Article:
The industry can do far more in the fields of collaboration and on site safety in order to achieve higher standards, according to industry experts.
Speaking at the UAE Infrastructure Summit a panel discussion focused on the quality of both work and completed projects across the Middle East.
Ala Hason vice president of HKS Architects said: “As architects all we care about is the design and it being built according to our vision. Buildings are about dreams for an architect, but for a contractor they about schedules and cost.
“For clients – they would like to have all three.”
Martin Seward-Case of BWA Middle East defined what is actually meant by quality. He said: “It is the achievement of a minimum standard by a contractor – one that has been defined by the architect and the client. But we are very fractured as an industry. There is an adversarial nature which results in wastage between the various layers, along with duplication of cost. We are highly inefficient but there are some simple things that we can do.”
Carl McKenzie, director of building engineering for Aecom’s healthcare operations said the client has the job of balancing the various demands and needs of the design team, but he added that quality control and standards vary across the different sectors – with healthcare being far more stringent than others.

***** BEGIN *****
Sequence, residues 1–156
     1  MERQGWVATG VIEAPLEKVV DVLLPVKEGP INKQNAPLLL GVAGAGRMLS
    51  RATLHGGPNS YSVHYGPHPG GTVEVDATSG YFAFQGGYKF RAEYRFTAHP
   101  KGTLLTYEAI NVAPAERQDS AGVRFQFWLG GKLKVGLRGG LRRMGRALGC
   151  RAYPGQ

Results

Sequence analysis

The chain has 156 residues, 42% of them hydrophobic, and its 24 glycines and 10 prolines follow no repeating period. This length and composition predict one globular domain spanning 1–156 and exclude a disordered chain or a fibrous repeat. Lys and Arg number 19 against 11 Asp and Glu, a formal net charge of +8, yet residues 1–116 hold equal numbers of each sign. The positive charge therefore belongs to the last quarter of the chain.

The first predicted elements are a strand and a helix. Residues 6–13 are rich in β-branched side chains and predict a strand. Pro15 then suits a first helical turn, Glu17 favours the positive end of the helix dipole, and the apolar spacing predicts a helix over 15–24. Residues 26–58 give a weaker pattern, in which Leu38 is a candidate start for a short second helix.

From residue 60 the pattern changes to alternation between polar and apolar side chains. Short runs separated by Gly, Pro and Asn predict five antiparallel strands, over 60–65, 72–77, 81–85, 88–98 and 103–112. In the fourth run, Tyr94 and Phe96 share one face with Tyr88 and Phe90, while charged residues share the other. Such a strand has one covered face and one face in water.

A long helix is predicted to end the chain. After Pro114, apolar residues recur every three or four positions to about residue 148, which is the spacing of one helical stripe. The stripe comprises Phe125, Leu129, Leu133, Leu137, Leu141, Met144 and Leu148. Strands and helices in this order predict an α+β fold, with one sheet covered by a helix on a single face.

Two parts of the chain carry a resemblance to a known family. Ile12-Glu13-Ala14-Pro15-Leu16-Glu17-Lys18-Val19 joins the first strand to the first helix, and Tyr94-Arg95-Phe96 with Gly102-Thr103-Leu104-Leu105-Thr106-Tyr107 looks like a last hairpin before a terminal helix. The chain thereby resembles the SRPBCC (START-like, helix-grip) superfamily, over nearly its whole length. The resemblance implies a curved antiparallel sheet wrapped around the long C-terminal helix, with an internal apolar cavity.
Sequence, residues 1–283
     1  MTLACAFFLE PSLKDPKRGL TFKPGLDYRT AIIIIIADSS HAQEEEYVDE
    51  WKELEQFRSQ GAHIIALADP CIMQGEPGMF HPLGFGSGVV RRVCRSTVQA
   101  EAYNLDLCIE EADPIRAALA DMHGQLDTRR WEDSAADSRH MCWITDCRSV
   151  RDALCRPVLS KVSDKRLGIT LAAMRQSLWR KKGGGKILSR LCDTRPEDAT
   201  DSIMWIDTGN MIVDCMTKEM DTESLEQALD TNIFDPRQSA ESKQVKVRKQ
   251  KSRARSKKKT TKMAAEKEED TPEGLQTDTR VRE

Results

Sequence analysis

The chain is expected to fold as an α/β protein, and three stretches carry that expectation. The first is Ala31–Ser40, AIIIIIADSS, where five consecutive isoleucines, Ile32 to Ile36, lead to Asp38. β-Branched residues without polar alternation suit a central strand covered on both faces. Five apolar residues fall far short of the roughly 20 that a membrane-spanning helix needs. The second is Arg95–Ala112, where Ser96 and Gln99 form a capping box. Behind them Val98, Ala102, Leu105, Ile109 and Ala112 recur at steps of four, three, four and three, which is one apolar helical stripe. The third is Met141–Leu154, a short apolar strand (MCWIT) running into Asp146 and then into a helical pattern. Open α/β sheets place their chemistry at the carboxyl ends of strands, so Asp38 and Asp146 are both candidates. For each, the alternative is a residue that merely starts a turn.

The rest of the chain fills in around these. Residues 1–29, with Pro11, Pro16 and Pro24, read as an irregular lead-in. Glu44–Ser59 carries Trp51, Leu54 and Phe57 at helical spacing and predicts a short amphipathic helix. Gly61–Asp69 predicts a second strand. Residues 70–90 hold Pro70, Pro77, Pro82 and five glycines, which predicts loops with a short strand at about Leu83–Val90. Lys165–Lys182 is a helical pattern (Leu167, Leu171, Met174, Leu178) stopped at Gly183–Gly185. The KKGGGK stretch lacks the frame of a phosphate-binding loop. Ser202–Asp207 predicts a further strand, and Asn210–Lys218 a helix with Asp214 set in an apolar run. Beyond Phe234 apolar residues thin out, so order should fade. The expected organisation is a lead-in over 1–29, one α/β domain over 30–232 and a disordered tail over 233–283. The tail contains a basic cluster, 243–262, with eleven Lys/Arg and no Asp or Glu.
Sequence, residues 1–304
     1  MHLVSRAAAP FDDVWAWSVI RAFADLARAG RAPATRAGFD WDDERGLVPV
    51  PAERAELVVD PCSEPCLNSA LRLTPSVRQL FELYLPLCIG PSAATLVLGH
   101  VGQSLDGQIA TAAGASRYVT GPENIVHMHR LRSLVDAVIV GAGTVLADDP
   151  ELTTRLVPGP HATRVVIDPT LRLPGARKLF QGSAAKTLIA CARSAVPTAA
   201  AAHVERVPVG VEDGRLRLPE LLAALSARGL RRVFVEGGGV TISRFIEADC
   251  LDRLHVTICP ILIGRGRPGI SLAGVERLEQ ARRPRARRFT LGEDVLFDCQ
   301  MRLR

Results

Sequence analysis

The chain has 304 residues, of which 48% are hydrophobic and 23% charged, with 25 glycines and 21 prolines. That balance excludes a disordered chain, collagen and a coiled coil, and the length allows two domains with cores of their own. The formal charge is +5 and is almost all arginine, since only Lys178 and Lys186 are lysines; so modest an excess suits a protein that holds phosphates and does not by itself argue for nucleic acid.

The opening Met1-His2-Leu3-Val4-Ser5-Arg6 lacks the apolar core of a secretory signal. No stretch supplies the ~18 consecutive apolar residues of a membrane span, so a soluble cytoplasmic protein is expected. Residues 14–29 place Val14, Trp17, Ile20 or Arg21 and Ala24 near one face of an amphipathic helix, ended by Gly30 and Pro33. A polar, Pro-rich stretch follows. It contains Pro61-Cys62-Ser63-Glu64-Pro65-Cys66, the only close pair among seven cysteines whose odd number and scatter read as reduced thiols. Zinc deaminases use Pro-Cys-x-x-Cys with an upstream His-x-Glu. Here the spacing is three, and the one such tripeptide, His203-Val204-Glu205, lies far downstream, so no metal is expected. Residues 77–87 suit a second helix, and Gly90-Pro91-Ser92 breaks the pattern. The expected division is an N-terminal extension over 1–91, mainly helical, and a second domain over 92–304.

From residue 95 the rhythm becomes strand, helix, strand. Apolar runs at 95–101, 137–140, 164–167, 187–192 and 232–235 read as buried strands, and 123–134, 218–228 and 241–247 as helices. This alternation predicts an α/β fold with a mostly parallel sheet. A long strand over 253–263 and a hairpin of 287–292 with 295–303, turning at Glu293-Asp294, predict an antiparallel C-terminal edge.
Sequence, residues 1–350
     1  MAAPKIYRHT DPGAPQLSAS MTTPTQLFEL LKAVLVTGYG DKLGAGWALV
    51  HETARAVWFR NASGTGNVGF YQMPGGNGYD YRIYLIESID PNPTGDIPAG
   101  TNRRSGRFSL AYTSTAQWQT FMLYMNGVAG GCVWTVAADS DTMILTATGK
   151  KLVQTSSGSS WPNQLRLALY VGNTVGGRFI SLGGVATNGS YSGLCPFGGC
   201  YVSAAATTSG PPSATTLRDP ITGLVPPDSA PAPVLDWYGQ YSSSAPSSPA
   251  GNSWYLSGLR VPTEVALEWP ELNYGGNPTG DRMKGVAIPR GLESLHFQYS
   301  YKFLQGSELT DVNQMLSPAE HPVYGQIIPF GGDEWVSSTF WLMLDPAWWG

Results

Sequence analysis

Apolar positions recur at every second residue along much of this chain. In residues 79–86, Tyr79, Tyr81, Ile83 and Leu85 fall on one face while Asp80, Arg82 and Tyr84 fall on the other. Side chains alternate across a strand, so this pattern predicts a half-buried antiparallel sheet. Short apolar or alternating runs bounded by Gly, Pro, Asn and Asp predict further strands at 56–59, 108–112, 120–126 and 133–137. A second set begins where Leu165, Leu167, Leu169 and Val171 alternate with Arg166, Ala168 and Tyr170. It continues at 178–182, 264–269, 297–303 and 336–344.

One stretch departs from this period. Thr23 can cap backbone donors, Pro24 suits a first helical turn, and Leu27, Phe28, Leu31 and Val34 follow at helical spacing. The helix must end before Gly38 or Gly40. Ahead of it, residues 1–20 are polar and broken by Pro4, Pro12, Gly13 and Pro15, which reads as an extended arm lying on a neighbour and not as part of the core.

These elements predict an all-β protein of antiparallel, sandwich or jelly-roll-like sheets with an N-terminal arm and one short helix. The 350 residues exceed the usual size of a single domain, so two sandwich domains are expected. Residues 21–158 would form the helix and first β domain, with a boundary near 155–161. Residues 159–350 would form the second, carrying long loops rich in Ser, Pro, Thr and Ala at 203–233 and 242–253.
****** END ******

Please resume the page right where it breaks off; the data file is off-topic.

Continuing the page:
But the panel all agreed that Dubai has been successful in its effort to introduce and enforce standards.
Seward-Case said: “The standards are there for a very good reason. Dubai has done very well. Dubai is a young place but it has advanced quite a lot. You may have 20 or 30 guys in white coats making the standards. But they have to be implemented.”
He said the inspections of building standards are done on line so “de-personalising the process” which he felt was a good thing – although sometimes inconvenient and slow for the design and build team.
The panel agreed that more can be done on site to improve standards as well.
“Worker safety is important,” said Hason. “Sometimes [on a construction site] you see no hard hats, no safety glasses and there are cables everywhere.”
One solution to the lack of communication across the industry could be greater use of BIM said the panel.
Members said the contractors and suppliers should be bought into the design process at a far earlier stage and in much greater detail, so that a much more holistic approach is undertaken.
“When you are appointing people make them part of a global team to achieve the project goals,” said Hason. “We are seven years behind the western world when it comes to using BIM and we need to catch up.”